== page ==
Australia has developed the Children of Parents with a Mental Illness national initiative to support families with a parent with depression. Here, a version of the PIP for Depression was used with the Family Talk technique. Systematic approaches, such as those used in Finland and Australia, offer the best opportunity for large-scale impact, and there are important strategies that practitioners can employ directly with families [26].

The Beardslee Preventive Intervention Program for Depression

Beardslee’s PIP is one of few methods in the field that uses family-based methods developed for preventive practice among children of parents with depressive disorders and mental illness [27]. It has been implemented in Sweden and Finland on a national level, and it also has been successful in the Netherlands, Norway, Sweden, Colombia, Costa Rica, Iceland, and Chicago in the United States [28].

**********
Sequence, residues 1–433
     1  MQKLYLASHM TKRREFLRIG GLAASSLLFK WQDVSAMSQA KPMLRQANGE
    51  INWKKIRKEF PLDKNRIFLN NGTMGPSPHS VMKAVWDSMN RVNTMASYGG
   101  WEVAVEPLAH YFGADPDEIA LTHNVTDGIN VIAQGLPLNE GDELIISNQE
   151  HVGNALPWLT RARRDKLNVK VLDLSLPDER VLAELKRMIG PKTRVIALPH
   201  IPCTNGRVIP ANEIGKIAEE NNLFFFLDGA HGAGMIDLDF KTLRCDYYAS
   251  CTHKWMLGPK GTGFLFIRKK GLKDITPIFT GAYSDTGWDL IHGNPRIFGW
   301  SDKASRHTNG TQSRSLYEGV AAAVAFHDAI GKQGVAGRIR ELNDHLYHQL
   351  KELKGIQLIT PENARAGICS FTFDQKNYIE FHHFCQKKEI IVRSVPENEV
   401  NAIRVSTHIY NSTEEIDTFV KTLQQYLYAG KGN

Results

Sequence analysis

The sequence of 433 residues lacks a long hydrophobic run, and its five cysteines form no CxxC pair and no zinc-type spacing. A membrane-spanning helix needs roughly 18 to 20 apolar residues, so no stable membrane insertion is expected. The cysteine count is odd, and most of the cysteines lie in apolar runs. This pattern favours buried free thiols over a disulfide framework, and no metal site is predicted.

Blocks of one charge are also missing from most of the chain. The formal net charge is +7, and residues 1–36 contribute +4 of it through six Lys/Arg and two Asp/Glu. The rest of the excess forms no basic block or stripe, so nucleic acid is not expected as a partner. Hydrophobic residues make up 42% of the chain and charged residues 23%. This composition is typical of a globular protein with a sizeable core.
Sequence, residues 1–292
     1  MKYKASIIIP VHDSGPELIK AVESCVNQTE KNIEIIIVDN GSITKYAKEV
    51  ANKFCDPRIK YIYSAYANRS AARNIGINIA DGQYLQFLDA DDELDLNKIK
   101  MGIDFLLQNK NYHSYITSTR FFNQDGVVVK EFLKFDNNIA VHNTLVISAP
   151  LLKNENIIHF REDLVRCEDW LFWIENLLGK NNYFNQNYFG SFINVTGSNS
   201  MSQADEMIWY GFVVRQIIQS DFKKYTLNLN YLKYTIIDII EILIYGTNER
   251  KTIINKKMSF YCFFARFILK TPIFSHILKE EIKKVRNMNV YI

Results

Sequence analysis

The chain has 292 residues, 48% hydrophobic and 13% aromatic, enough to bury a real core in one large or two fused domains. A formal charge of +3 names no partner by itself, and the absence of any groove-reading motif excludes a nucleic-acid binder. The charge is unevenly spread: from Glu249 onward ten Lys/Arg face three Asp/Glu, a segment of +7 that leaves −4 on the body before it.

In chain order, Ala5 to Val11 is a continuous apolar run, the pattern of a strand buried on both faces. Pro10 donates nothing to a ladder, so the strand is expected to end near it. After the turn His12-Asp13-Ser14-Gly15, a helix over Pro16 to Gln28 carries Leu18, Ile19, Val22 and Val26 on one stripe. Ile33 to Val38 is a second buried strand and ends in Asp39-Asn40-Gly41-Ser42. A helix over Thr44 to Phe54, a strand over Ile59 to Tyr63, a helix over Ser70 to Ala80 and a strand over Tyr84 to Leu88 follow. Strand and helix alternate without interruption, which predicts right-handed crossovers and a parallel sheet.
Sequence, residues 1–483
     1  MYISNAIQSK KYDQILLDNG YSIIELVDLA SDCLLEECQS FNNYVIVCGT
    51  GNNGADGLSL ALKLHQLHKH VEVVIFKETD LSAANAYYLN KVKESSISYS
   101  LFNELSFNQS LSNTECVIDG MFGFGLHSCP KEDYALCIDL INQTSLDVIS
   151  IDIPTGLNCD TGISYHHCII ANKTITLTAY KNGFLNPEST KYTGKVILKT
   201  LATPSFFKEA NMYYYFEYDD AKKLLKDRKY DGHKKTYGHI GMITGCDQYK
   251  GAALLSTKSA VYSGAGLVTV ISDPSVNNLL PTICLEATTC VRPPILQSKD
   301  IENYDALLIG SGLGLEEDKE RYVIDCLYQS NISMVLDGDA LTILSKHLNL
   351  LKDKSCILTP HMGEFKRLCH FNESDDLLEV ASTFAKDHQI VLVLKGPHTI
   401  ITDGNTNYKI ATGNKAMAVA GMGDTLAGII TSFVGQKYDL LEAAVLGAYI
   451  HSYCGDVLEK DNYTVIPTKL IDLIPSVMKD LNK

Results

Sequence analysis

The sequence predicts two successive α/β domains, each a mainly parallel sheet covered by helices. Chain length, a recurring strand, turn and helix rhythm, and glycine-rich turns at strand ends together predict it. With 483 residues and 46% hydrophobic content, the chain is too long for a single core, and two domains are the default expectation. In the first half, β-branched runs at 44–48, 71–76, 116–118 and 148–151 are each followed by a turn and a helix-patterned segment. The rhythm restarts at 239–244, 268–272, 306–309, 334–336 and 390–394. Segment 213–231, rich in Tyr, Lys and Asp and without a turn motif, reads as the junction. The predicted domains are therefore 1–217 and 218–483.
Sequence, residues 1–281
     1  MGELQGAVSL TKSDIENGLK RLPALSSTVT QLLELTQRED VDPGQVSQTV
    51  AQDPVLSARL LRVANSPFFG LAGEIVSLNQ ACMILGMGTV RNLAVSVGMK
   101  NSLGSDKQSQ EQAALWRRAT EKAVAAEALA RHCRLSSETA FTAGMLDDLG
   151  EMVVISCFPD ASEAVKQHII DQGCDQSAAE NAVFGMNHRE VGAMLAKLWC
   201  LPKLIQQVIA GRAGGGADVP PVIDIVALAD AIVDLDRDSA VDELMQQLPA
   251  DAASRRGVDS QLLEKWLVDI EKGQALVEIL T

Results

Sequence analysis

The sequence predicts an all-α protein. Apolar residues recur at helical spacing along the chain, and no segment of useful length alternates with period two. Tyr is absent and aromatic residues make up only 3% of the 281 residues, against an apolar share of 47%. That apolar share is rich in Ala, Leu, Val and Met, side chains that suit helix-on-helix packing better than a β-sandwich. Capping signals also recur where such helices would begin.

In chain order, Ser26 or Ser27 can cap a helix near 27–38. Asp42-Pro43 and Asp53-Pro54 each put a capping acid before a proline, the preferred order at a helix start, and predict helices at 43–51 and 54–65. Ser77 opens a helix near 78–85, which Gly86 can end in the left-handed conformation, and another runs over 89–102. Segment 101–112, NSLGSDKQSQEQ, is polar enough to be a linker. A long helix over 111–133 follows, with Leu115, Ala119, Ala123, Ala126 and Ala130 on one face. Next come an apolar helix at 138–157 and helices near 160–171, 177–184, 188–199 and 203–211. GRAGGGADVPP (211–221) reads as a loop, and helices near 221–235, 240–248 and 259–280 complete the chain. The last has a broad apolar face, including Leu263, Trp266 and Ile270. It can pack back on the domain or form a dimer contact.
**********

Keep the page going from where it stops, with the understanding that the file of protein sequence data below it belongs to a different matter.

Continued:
The main purpose of the PIP is to prevent depression and other mental health problems in children of depressed parents by promoting resilience of children and increasing positive interactions within the family. Resilience is the reason why many children of depressed parents do not develop symptomatology; it enables them to accomplish age-appropriate developmental tasks, engage in relationships and understand their surroundings despite their parents’ illness [29, 30]. This programme generates opportunities for resilience promotion in children by supporting families to identify and build upon these resilience processes. Resilience is an important protective factor that can counterbalance the multiple risk factors for depression among children and adolescents, such as by developing the ability to understand their parents’ illness and move on [31]. On the other hand, the parents’ resilience that this programme builds upon is the capacity to remain committed to parenting despite depression and to reflect on how they could become effective parents [32].